By DJ Yap
Philippine Daily Inquirer, 3:47 pm | Saturday, February 25th, 2012
President Benigno Aquino congratulates Mark Benjamin Lozano and Catherine Felicia Marie Peralta after receiving the Plaque of Recognition during the commemorative activities of the 26th anniversary of the Edsa People Power Revolution on Saturday. Malacañang Photo
MANILA, Philippines—In the company of 80-something veterans, two teenagers were feted at the anniversary of the 1986 People Power Revolution for lighting up lives in the poorest villages through a solar lamp project, which, according to them, embodies the spirit of people power.
High school senior Mark Benjamin Lozano, 17, and college freshman Catherine Felicia Marie Peralta, 18, were recognized by President Benigno Aquino and the Edsa People Power Commission for their efforts in jump-starting the Philippine version of the One Million Lights movement.
Through One Million Lights, the pair, along with a modest army of young volunteers here and abroad, brought 250 solar-powered lanterns to remote and off-grid communities in Virac, Catanduanes, to keep them from using unsafe kerosene lamps.
For Lozano and Peralta, who shared the stage with People Power Revolution stalwarts such as former President Fidel V. Ramos, 83, and Senate President Juan Ponce Enrile, 88, Marcos-era defense minister, youth should be no impediment to achieving People Power-like ideals.
“We weren’t even born then, but I think it’s [the spirit of People Power) in us,” said Peralta, a business administration and accountancy student at the University of the Philippines in Diliman.
“Our parents were there in Edsa. They told us the stories. And some way or other, I think Edsa transcends people. It transcends time. And until now we keep the spirit because we enjoy the freedom they so carefully got for us,” she said.
Lozano, a student at Southridge School, said he believed the People Power Revolution to be an all-encompassing ideal.
“I think the spirit of Edsa is something very universal, something adopted by other countries as well. And likewise, because it’s such a universal value of empowerment, it’s something anyone can live today, as long as they live,” he said.
The two received a plaque from Aquino that honored them for “choosing to light up the lives of the less fortunate rather than being insensitive to the darkness that surrounds them.”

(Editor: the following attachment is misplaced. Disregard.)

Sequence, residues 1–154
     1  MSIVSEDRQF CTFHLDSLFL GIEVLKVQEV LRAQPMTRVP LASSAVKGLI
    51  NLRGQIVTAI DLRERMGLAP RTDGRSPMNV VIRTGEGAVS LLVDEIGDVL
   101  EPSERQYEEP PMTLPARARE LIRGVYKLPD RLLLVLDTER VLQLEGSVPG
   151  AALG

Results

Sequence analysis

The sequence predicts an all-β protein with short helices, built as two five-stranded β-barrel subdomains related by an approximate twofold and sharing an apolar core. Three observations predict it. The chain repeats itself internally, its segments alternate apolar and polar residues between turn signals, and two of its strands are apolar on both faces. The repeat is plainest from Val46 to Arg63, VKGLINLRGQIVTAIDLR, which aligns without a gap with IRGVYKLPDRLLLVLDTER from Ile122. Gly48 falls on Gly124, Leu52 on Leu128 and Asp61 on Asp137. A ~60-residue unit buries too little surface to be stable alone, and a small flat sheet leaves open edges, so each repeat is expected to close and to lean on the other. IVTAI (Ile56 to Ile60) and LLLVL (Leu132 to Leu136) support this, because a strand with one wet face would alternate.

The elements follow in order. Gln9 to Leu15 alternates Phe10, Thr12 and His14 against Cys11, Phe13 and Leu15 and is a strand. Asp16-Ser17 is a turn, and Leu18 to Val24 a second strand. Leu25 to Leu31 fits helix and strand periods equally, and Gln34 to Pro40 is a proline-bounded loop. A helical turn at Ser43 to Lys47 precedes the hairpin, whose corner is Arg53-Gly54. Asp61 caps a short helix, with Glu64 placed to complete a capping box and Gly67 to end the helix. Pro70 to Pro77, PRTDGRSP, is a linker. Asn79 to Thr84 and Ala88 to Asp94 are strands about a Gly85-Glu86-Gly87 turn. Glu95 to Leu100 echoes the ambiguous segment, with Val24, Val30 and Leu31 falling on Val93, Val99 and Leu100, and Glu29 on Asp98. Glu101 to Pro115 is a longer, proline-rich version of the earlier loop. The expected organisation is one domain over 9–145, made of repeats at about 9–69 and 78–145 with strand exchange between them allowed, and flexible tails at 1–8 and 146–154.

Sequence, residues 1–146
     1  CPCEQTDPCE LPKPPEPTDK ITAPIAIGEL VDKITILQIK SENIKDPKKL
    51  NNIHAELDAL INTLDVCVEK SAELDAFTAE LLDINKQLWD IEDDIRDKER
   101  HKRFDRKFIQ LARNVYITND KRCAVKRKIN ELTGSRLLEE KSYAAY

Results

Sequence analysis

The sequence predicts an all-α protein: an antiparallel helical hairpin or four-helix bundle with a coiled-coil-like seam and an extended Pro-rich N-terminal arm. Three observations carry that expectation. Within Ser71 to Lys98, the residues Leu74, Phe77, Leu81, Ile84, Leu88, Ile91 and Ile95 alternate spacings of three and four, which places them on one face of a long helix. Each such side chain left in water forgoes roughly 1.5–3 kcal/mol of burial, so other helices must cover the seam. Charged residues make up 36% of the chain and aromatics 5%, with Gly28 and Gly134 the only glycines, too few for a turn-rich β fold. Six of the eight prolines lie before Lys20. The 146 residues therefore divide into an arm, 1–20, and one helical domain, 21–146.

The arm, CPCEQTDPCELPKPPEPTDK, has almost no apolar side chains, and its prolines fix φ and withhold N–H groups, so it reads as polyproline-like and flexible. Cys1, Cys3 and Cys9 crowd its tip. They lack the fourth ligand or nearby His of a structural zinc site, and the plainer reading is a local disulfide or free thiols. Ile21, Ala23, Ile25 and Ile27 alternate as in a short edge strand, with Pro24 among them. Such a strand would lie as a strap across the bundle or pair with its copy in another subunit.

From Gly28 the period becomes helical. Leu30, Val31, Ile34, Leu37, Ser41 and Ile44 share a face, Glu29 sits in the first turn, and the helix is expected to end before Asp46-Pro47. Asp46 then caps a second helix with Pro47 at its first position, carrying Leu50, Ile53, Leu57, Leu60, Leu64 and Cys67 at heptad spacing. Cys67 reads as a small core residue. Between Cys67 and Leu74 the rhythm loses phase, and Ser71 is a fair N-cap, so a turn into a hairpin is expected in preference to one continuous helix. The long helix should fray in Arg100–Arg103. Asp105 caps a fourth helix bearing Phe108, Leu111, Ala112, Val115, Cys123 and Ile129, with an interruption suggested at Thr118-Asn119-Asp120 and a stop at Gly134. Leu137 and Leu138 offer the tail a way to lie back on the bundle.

One Million Lights-Philippines sprang from a moment of inspiration following Lozano’s participation in the Global Youth Leaders Conference in Washington, D.C.
With a group of friends, Lozano and Peralta brainstormed for ideas on an environmental project that would benefit the poor, and came across One Million Lights, an international non-profit organization based in Palo Alto, California.
After a series of hurdles, from fund-raising hardships to customs mishaps, the movement finally took shape when the group managed to deliver the 250 solar lamps to residents of Barangay Dugui Too.
The bulbs of the solar lamps, which have a seven-year lifespan, are energized by sunlight and can store reserve energy, and thus can be used even at night.
According to the One Million Lights Web site, more than 1.6 billion people worldwide lack access to electricity and depend on kerosene for lighting. “Families may spend up to half of their income on kerosene, even though it provides inadequate illumination,” it said.
“Used four hours a day, a kerosene lamp emits over 100 kilograms of carbon each year. Consequently, the worldwide combustion of fuel for lighting results in 190 million tonnes per year of carbon emissions,” it added.
One Million Lights also said “kerosene is responsible for 1.5 million deaths from burns and respiratory illnesses annually, 62 percent of which are children.”
“By switching to solar-powered lights, the recipients freed themselves from the shackles of kerosene lamps and welcomed a new beginning into their lives,” Lozano and Peralta said in an article they wrote for their community newsletter titled “One Million Lights: Lighting Up Lives.”
“The 30 percent of their daily income spent on kerosene became their children’s tuition fees. Work hours farming abaca deep in the forest became longer, since night time is no longer an obstacle for them, allowing them to earn more money. Little by little, they are alleviating themselves from poverty,” they said.
According to the article, One Million Lights is headed for six more provinces – Mindoro, Kalinga, Apayao, Mountain Province, Eastern Samar and Rizal – to distribute 2,750 lights to isolated and impoverished rural communities.